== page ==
Forever Learning

Forever learning and helping machines do the same.

Restaurant Reviews and the Availability Heuristic

with 3 comments

You could say fine dining is a bit of a hobby of mine; and as I’ve mentioned before, I’ve composed quite a few restaurant reviews over the years. I enjoy writing about food almost as much as I love eating it.

Whilst fantasising about fancy food with a colleague the other day, we wondered whether there is any relation between the lengthiness of my reviews and the associated score. In some strange way it made intuitive sense to me that I would devote more words to describe why a particular restaurant did not live up to my expectations.

Thinking about this, the first negative review that came to my mind was one I wrote for “The Good View” in Chiang Mai, Thailand.

If service were any slower than it already is, cobwebs would certainly overrun the place. When food and drinks eventually do arrive they’re hardly worth the wait.

Fruit juice contained more sugar than a Banglamphu brothel and cocktails had less alcohol in them than a Buddhist monk. The mixed Northern specialties appetizer revealed itself to be three kinds of sausage and some raw chillies; very special indeed.

The spicy papaya salad probably tasted alright, but I was unable to tell because my taste buds were destroyed on the first bite. (Yes, I see the irony in complaining a spicy papaya salad was too spicy, but in my mind there’s a difference between spicy food and napalm.)

Also, the view is terribly overrated.

Conversely, the first positive review that popped into my brain was this rather terse piece for “Opium” in Utrecht, the Netherlands.

Om nom nom.

Judging by this tiny sample there might indeed be something to the hypothesis that review length and review score are negatively correlated. To confirm my hunch, I decided to load my reviews into R for a proper statistical analysis.

> cor.test(nn_reviews$char_count, nn_reviews$score)

Pearson's product-moment correlation
data: nn_reviews$char_count and nn_reviews$score
t = 0.2246, df = 121, p-value = 0.8227
alternative hypothesis: true correlation is not equal to 0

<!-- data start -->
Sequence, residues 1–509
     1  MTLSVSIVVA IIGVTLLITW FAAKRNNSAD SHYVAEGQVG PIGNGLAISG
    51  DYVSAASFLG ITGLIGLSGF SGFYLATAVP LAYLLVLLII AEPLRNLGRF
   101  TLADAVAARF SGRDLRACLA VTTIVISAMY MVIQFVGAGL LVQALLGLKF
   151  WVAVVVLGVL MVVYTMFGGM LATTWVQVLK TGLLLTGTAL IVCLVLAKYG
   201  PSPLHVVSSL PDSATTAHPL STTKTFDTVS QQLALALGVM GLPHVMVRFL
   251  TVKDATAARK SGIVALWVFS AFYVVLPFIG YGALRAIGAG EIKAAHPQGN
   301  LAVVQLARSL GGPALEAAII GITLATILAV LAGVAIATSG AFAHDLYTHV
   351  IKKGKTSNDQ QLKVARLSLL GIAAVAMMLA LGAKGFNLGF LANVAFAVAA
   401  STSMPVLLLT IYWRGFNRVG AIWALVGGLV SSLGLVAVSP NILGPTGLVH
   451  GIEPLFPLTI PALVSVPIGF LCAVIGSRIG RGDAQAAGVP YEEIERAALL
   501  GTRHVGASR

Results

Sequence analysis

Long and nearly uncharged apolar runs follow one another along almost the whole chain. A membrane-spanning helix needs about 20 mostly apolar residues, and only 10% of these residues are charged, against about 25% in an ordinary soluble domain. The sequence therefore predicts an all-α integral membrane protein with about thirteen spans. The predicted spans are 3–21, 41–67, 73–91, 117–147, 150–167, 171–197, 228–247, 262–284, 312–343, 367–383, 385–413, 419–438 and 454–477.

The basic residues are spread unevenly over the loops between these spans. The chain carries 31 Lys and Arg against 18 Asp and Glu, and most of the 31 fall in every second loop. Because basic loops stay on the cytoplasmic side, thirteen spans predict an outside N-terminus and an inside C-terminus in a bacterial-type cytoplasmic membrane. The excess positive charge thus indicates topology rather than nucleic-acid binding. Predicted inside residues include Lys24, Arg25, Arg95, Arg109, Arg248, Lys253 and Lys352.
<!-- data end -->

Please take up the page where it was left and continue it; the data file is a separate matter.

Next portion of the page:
95 percent confidence interval:
-0.1571892 0.1967366

sample estimates:
   cor
0.02041319

To my surprise, the analysis shows there is practically no relation between length and score. Contrary to what the two reviews above seem to suggest I do not require more letters to describe an unpleasant dining experience as opposed to a pleasant one.

A simple plot of the two variables gives some insight into a possible cause for my misconception.

Review scores vs review length

Review scores vs review length

The outlier in the bottom right happens to represent my review for the Good View. All my other reviews are much shorter in length and seem to be quite evenly distributed over the different scores.

My misjudgement is an excellent example of the availability heuristic. The pair of examples that presented themselves to me upon initial reflection were not representative of the complete set, but that did not stop me from drawing overarching, and incorrect, conclusions based on a sample of two.

This is why I use statistics, because I am a fallible human being; just like everyone else

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Written by Lukas Vermeer

March 22, 2013 at 18:11

3 Responses

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  1. But what can you do when there’s a small correlation, and the data set is tiny, like here: http://www.nytimes.com/interactive/2013/03/11/us/politics/small-state-advantage.html ? Draw a quirky infograph to make your point?

    michiel

    March 22, 2013 at 19:30

    • The data is indeed too small to be conclusive. Perhaps I could write more reviews; make my dataset bigger? I would have to write quite a few reviews! Also, I would argue that anything I write after today will be biassed and the relation between length and score might become a self-fulfilling prophecy.

      If only I worked for a company that provided me with access to hundreds of thousands of reviews of some kind and sufficient computing power to test this hypothesis on a grander scale.

      Oh. Wait … ;-)

      Lukas Vermeer

      March 23, 2013 at 12:47

    • > cor.test(data_nn$length_total, data_nn$hotel_average_score)

      Pearson’s product-moment correlation
      data: data_nn$length_total and data_nn$hotel_average_score
      t = -255.9257, df = 4359151, p-value < 2.2e-16
      alternative hypothesis: true correlation is not equal to 0
      95 percent confidence interval:
      -0.1225922 -0.1207425
      sample estimates:
      cor
      -0.1216675

      Lukas Vermeer

      April 18, 2013 at 11:52


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